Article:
TIAA Institute and Pension Research Council Showcase New Behavioral Finance Research Focused on Improving Retirement Outcomes
NEW YORK (June 25, 2020) – The TIAA Institute and its long-standing partner, the Pension Research Council (PRC) of the University of Pennsylvania’s Wharton School, released new research about how behavioral factors and biases can affect financial decisions at various stages of employment.
“Achieving financial security has become more challenging than ever due to the coronavirus pandemic and resulting economic crisis,” said Stephanie Bell-Rose, Head of the TIAA Institute. “The financial impact of this moment will be felt for years, and creative approaches will be needed to guide Americans back toward greater financial stability. The studies released today provide insights that are essential to understanding how psychological influences and biases can affect and increase financial security during this critical time.”
This new research from established scholars and thought leaders adds to a growing series of studies in the behavioral finance area that have helped inform decisions aimed at improving retirement security. This work dives further into behavioral factors and biases that affect the retirement outcomes of Americans across generations, financial literacy levels, work and home environments, and more.
“We are delighted to extend our innovative collaboration with the TIAA Institute on cutting-edge research on ways to enhance retirement financial security,” said Olivia S. Mitchell, Director of Wharton’s Pension Research Council.
The following research was released during today’s symposium. To view all the reports in full and key findings of each paper, please click HERE.
- Using Behavioral Prompts to Improve Saving and Investment Decisions, Vickie Batjelsmit and Jennifer Coats (Colorado State University)
- The Role of Affect and Social Norms in Preferences for Guaranteed Income Streams in Retirement, Helen Colby (Indiana University), and Suzanne B. Shu (UCLA & Cornell University)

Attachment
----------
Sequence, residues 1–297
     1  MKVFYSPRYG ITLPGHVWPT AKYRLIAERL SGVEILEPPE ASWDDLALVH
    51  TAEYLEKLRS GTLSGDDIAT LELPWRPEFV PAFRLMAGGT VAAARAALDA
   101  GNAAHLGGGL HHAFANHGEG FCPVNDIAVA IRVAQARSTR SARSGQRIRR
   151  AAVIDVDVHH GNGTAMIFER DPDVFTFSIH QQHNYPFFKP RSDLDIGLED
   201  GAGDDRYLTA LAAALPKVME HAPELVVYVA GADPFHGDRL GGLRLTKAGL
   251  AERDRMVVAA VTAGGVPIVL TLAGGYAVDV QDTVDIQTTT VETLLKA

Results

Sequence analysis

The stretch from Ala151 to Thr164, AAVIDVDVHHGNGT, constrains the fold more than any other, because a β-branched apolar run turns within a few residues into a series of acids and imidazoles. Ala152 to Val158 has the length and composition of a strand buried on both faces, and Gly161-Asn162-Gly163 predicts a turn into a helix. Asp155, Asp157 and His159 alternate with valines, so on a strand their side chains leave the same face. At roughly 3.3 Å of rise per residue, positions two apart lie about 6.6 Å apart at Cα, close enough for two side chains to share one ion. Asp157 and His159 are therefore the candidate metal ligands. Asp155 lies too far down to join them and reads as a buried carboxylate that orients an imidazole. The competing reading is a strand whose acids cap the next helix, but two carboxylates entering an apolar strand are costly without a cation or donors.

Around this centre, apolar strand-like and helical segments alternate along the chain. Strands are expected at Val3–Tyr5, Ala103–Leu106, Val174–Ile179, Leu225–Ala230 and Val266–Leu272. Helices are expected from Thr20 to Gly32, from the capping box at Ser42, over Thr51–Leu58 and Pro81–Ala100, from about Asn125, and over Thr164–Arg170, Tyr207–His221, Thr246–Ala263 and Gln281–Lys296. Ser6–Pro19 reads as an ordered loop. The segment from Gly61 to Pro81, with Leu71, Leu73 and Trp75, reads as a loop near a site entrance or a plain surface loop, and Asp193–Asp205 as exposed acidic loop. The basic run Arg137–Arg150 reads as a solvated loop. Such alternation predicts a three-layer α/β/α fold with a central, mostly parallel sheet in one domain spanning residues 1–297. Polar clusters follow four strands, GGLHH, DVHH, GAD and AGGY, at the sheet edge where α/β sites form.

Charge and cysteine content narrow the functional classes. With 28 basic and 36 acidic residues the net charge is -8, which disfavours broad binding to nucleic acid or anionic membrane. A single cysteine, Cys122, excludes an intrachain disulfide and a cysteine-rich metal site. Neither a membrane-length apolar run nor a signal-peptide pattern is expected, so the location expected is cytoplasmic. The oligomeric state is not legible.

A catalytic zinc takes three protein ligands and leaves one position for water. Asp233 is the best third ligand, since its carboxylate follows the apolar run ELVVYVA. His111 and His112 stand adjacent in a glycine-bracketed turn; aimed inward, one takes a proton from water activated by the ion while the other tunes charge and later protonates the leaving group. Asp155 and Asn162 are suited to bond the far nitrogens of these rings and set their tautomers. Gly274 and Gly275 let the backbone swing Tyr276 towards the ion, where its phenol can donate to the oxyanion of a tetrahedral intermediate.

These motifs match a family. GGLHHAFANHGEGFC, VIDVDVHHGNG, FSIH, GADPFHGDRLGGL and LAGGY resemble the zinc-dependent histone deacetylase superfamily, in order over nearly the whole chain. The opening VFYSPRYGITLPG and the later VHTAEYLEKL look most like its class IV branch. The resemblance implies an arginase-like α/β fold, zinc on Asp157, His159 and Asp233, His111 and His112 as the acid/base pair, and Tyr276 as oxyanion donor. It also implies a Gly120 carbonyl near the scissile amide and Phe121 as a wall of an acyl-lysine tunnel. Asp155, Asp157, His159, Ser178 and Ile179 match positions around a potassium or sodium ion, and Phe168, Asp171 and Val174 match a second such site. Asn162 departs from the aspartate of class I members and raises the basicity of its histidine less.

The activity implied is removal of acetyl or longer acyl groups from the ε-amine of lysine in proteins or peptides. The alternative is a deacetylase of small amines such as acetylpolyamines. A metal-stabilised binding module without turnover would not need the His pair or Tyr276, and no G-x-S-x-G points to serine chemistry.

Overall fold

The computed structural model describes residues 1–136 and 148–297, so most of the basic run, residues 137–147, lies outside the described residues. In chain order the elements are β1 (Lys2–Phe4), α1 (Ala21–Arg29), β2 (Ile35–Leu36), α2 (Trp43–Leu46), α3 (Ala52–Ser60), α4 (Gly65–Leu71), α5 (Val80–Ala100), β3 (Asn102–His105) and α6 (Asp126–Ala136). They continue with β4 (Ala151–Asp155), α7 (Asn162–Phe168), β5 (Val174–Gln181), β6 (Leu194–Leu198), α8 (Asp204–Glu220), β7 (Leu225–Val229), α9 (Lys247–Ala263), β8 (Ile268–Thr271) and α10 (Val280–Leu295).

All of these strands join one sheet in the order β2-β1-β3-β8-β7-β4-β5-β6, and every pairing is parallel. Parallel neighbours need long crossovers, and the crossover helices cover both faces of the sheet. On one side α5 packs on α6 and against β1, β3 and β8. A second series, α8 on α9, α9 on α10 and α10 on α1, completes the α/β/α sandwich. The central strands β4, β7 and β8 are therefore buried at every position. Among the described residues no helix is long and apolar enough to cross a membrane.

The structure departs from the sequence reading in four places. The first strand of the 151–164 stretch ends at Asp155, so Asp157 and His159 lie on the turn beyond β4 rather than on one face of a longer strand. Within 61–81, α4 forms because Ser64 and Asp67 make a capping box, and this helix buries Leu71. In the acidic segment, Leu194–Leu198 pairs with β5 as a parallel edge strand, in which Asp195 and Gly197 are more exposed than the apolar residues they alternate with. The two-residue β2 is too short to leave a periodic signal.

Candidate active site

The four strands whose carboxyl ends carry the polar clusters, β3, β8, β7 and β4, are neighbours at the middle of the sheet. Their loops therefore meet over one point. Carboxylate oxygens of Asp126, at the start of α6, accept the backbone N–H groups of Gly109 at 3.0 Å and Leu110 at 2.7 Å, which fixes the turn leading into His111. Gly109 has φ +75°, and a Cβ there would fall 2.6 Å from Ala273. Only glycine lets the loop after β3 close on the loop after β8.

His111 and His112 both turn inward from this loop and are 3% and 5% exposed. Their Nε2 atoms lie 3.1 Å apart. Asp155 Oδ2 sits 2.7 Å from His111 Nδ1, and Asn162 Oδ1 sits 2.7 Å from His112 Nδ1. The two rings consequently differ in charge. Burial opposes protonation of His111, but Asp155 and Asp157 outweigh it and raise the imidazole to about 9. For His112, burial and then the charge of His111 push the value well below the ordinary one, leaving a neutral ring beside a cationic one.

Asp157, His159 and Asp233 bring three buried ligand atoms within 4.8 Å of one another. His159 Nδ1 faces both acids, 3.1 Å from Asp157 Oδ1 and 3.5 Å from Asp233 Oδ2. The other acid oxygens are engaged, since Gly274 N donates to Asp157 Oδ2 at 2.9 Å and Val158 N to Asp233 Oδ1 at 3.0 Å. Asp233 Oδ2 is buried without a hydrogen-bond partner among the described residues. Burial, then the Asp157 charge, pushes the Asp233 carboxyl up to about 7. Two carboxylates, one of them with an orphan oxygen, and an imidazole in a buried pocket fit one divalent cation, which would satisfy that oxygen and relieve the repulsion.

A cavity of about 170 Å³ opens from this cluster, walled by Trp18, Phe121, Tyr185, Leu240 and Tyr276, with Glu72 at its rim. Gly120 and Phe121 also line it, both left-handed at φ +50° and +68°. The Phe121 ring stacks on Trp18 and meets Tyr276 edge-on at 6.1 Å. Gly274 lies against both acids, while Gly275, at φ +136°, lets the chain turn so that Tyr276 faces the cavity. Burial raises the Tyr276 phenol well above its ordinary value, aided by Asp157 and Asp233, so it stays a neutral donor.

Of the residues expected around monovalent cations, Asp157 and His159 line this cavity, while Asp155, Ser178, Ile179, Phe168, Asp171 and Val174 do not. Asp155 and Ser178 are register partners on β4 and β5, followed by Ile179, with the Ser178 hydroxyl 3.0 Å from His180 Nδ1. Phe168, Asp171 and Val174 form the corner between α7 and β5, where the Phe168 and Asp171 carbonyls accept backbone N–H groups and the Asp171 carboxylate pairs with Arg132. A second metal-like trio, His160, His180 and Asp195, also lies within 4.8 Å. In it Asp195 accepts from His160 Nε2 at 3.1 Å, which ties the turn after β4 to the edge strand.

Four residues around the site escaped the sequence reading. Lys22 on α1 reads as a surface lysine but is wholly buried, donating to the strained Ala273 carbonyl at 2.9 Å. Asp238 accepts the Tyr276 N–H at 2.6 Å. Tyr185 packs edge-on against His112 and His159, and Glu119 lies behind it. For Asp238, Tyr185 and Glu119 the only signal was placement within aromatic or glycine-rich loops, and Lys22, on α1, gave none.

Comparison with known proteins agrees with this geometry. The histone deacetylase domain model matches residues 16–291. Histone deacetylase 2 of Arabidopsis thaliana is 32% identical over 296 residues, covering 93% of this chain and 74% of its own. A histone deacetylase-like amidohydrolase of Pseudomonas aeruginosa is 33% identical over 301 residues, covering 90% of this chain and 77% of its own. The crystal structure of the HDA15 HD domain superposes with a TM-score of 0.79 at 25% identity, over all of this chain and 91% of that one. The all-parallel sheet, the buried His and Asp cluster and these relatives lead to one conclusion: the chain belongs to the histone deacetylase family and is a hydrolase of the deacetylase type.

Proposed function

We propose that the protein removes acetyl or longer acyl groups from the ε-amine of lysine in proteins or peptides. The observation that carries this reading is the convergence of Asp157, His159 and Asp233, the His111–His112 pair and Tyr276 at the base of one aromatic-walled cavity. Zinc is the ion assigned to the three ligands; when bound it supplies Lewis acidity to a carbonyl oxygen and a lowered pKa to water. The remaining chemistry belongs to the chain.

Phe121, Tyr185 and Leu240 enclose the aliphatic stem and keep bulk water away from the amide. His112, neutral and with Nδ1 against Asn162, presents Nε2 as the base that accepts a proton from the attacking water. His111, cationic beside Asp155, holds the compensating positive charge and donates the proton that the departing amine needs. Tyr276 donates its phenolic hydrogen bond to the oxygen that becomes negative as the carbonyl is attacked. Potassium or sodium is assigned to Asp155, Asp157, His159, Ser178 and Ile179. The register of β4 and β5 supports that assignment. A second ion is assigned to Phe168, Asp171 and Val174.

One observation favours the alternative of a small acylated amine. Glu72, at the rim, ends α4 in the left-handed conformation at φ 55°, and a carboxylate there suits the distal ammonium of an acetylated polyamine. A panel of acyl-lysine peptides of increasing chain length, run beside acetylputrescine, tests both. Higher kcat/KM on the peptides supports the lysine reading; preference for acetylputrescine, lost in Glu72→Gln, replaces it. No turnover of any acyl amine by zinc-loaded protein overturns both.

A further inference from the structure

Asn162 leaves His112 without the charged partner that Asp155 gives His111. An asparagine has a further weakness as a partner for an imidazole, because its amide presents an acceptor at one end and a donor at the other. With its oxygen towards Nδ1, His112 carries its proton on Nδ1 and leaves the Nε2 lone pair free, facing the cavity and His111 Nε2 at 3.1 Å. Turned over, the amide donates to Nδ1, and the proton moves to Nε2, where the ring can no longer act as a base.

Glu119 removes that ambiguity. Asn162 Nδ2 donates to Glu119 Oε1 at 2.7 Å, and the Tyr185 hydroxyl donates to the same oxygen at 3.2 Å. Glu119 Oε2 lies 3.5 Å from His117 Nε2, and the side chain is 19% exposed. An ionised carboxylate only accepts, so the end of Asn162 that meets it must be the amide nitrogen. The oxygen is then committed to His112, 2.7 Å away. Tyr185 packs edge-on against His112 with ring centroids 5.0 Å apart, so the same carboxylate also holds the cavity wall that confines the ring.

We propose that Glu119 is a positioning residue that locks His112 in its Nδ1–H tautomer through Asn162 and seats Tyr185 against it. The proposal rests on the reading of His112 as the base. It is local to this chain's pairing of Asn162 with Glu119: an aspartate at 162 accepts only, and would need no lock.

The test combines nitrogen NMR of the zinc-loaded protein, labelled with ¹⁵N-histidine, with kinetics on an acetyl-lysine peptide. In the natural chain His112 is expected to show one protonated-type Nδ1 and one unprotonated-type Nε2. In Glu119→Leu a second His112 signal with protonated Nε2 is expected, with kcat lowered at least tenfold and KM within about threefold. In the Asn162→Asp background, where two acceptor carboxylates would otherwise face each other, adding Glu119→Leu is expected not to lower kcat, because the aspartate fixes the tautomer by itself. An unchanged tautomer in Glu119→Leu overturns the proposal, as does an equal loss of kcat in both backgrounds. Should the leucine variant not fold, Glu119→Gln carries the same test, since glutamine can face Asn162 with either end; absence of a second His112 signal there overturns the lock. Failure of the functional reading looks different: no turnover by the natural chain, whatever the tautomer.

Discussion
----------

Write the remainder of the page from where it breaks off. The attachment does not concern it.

- Impact of automatic enrollment on participation in the SRP for public employees in South Dakota, Robert Clark and Denis Pelletier (North Carolina State University)
- Do Mandatory Retirement Contributions Crowd Out Voluntary Contributions?, Leora Friedberg and Adam Leive (University of Virginia), and Wenqiang Cai (PWC)
- Understanding Debt Among the Older Population, Olivia S. Mitchell (University of Pennsylvania), Annamaria Lusardi (George Washington University), and Noemi Oggero (University of Turin)
- Moving the Goalposts, Jordan Nickerson (Boston College)
Press Contact: John McCool, 888-200-4062, firstname.lastname@example.org
About the TIAA Institute
The TIAA Institute helps advance the ways individuals and institutions plan for financial security and organizational effectiveness. The institute conducts in-depth research, provides access to a network of thought leaders, and enables those it serves to anticipate trends, plan future strategies and maximize opportunities for success. For more information about the TIAA Institute, visit www.tiaainstitute.org and follow us on Twitter @TIAAInstitute.
With an award-winning track record for consistent investment performance, TIAA (TIAA.org) is the leading provider of financial services in the academic, research, medical, cultural and government fields. TIAA has $1.1 trillion in assets under management (as of 3/31/2020) and offers a wide range of financial solutions, including investing, banking, advice and education, and retirement services.